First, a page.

Calvin Freiburger

“Profiling” Shouldn’t Be a Dirty Word

Posted on January 8 2010 6:03 pm
Hailing from Fond du Lac, Wisconsin, Calvin Freiburger is a political science major at Hillsdale College. He also writes for the Hillsdale Forum and his personal website, Calvin Freiburger Online.
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Profile? Why?

Hot off the heels of his brilliant case against considering the War on Terror a “war,” the Daily Beast’s Peter Beinart argues against conservative calls for racial & religious profiling in the wake of the attempted Christmas Day terrorist attack, since profiling is “not only ugly, but counterproductive”:

With Pavlovian predictability, right wing pundits greet terror scares with the chant: Profile the swarthy! Stop treating people of all races alike! Don’t let political correctness (once known as the high principle of color blindness) put us all at risk.

Actually, it’s a bit more subtle than that. Conservatives don’t call for racial profiling; they call for religious profiling. Strip-search the Muslims!

Ugly insinuation of racism aside, Beinart argues that giving Muslims and Middle Easterners extra scrutiny “will never work,” because it would have done nothing to prevent numerous acts of violence such as the Oklahoma City bombing, the Virginia Tech shooting, and others committed by non-Muslims from Western nations, with Western names and features:

Airport officials have finite resources. The more they concentrate those resources on a profiled subset of the population, the less scrutiny everyone else gets. And the less scrutiny everyone else gets, the greater al Qaeda’s incentive to recruit terrorists who fall into that less-scrutinized category.

Yes, there is no way to prevent every conceivable threat 100% of the time.  Bureaucratic incompetence factors unrelated to race must be addressed.  We should reevaluate how people get visas in the first place.  We need the latest technology, well-trained security personnel, strict restrictions on what can be brought on a plane, and some measure of intrusion and inconvenience for everybody.  There’s a lot we could learn from Israel in this regard.

But technology can only go so far, and as Beinart says, resources are finite.  We can debate the particular degree that is appropriate, but since there’s an international movement rooted in a specific religion & region that means to destroy us, it’s only common sense to devote some measure of extra attention to those who fit the movement’s profile—especially considering that movement’s known interest in chemical and biological weapons (an interest not shared with your average white supremacist, disgruntled postal worker, or Christian fundamentalist).  That attention wouldn’t catch every threat, but it would increase our chances against many—including the perpetrators of 9/11.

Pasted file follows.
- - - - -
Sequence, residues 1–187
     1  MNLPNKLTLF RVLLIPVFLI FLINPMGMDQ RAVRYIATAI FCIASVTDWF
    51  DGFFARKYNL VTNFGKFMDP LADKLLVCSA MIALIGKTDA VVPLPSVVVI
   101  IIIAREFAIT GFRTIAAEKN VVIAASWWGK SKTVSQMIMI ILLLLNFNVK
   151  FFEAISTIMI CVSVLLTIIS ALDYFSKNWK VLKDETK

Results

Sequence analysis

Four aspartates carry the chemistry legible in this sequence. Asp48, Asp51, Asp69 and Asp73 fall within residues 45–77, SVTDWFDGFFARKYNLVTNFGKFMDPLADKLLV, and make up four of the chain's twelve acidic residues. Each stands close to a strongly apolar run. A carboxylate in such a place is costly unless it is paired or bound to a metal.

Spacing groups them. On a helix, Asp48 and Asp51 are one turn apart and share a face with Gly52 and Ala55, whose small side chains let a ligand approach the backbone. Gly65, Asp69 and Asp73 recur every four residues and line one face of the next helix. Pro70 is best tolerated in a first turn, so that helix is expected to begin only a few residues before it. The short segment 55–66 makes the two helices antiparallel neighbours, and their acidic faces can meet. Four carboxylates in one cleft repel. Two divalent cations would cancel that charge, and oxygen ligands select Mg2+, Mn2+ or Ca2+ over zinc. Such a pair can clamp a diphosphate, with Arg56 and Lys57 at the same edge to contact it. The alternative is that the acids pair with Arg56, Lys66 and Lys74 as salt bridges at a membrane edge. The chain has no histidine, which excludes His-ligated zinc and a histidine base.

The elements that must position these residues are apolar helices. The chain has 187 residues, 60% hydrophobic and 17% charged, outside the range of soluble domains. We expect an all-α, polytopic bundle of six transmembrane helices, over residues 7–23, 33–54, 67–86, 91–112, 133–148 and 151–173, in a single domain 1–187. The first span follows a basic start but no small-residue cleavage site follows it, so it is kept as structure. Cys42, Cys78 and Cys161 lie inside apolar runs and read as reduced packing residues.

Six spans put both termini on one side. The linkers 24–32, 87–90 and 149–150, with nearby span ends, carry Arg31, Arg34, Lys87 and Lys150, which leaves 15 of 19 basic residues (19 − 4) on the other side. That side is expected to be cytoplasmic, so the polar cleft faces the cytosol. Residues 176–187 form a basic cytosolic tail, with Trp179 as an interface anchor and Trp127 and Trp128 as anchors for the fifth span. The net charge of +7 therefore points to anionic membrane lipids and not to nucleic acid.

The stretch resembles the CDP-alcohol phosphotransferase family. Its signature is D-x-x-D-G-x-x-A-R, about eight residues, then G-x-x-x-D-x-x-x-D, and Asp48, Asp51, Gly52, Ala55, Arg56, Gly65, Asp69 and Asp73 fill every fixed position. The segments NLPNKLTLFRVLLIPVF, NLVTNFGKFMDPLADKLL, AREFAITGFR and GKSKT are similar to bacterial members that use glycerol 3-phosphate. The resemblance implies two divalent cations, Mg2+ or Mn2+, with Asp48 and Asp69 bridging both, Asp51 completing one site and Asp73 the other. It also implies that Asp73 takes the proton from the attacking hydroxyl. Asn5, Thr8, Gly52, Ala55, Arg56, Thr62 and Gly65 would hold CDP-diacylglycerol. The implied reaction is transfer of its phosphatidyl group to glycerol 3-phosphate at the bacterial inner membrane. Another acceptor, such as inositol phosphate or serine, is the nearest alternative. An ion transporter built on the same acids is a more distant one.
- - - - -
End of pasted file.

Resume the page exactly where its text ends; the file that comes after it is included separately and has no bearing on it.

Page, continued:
In response to the point about al Qaeda’s adaptability, terror expert Steven Emerson points out that:

One thing that has remained relatively constant is the pool of willing and able recruits. If some of the most well-trained and effective terrorists cannot carry out their mission because of profiling, that makes the likelihood of a successful terrorist attack that much slimmer. The new operatives may be less well-trained and hence less deadly. What they will undoubtedly have in common with their more experienced brethren, regardless of their ethnicity or nationality, will be an adherence to radical Islam.

Besides, it’s not as if conservatives are arguing that white Christians should be waved through with little scrutiny while every single Arab who wants to get on a plane is strip-searched and grilled about his life story.  Ironically, Beinart’s own column links to a Daily Beast colleague, Tunku Varadarajan, with smart reform proposals that, while not obsessed with race & religion, acknowledge their relevance.

In fact, many conservative complaints about the status quo are not so much about promoting new measures as they are about opposing idiotic, politically-incorrect insistence on ignoring race and religion at all costs.  Emerson cites random searches as a prime example: “Nothing is more unproductive than searching an 80-year-old woman in a wheelchair from Sweden or a 3-year-old child simply because she or he was the 10th person in line.”  The Left’s hysteria over anything that could even remotely be seen as “discrimination” has created a culture of fear in which multiple warning signs about Fort Hood shooter Nidal Hasan were ignored because they pertained to his religious beliefs.

Beinart ends with a bizarre attempt to psychoanalyze conservatives: “At root, they simply don’t believe that people who look and pray like them could ever be terrorists.”  But in the final analysis, I think this tells us more about liberals like Peter Beinart than it does about those of us who want to inject a little sanity into a system that most certainly does not work.


Hailing from Fond du Lac, Wisconsin, Calvin Freiburger is a political science major at Hillsdale College.  He also blogs at the Hillsdale Forum and his personal website, Calvin Freiburger Online.

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